To find the other strengths of the decks, we need to examine the cards that make up it. Often these card-based strengths will be fairly obvious, like a 4x Steward and 4x Maiden deck being strong against void strategies. In Big Combrei’s case, its 8 silence effects make it strong against decks relying on unit abilities, and it’s good at clogging up the ground. For this particular deck, these strengths are somewhat obvious and well known, but other decks can have less obvious strengths.

Step Five: Weaknesses

The easiest way to look at the weakness of a deck is to look at what it can’t do. Looking at this decklist, an obvious omission is an inability to deal with relics, especially something high impact like Xenan Obelisk or Staff of Stories. Regular relic weapons can be solved just by shoving large units in front, but Big Combrei really doesn’t want to see something like Azindel’s Gift. Another weakness of the deck is it’s limited life gain and zero spell interaction – clogging up the board is all well and good but doesn’t serve you well when you get Flame Blasted for 12. Finally, and while this is more something to keep in mind than a weakness per se, Big Combrei must eventually attack to win the game. That means games can go long if the board clogs up and they don’t have good attacks, and they can eventually get defeated by an opponent able to go over the top of a board stall.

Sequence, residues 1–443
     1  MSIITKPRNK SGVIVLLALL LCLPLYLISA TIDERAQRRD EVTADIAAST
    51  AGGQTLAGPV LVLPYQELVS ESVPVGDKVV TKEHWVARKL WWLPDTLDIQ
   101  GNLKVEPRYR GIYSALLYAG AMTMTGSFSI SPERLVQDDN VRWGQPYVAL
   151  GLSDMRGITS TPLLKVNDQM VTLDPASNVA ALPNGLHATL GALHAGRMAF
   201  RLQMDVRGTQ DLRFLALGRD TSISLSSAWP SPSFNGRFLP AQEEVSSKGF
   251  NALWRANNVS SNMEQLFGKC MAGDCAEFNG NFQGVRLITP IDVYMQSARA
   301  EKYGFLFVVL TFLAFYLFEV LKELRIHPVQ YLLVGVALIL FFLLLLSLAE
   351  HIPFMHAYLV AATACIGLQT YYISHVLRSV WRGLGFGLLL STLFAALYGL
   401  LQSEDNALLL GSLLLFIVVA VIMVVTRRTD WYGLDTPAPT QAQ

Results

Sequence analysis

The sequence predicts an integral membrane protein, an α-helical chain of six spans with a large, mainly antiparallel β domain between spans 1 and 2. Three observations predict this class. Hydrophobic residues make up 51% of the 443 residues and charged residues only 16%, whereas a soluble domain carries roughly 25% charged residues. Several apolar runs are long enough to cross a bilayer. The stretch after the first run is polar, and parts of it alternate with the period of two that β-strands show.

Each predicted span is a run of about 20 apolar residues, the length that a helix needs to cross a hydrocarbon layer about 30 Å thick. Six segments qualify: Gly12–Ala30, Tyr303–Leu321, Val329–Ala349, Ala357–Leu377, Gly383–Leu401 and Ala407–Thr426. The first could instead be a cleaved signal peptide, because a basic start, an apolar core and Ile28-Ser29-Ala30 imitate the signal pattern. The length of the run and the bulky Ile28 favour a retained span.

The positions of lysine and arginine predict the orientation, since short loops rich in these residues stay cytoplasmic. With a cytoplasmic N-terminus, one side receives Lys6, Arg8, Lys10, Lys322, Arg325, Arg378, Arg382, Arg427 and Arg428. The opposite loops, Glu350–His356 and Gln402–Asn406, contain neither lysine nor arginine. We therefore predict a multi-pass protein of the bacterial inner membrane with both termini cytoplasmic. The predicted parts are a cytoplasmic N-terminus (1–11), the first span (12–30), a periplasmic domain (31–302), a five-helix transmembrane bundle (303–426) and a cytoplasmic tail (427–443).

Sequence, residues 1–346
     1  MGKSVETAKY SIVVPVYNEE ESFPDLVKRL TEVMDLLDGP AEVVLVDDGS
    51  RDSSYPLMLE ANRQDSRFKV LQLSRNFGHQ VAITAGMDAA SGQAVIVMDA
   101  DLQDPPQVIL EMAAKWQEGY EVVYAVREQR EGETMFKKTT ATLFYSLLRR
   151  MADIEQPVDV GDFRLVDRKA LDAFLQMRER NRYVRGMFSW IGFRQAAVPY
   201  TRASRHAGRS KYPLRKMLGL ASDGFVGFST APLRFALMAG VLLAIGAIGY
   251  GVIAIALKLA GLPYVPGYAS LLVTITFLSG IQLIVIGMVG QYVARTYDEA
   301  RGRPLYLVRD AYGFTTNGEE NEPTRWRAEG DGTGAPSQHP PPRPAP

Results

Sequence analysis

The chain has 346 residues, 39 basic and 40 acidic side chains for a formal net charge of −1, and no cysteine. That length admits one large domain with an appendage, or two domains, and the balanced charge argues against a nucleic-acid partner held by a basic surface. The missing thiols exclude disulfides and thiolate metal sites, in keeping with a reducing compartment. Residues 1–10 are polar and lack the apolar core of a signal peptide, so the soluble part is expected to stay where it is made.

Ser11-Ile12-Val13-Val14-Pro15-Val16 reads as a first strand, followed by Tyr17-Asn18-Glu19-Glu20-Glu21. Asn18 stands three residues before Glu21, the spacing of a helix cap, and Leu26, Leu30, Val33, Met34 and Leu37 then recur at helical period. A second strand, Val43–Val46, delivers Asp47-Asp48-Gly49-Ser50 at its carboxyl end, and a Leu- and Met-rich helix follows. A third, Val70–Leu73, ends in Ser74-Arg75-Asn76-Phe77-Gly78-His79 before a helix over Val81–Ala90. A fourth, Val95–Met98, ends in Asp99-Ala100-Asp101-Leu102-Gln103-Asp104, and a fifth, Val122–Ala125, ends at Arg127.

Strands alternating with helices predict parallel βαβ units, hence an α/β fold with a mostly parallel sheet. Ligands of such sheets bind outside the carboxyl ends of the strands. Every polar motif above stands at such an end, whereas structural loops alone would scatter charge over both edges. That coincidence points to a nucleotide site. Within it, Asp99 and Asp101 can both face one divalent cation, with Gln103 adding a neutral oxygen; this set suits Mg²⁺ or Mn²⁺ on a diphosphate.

Closing Thoughts

So in this article, we took a look at a lesser examined deck and identified all the core concepts of the deck. Next week we’ll dive into the trade-offs of a deck, going through card by card and comparing all the card choices to their alternatives. We’ll look at how card choices impact the core concepts and how a single swap can drastically change a deck’s strategy. Until next time!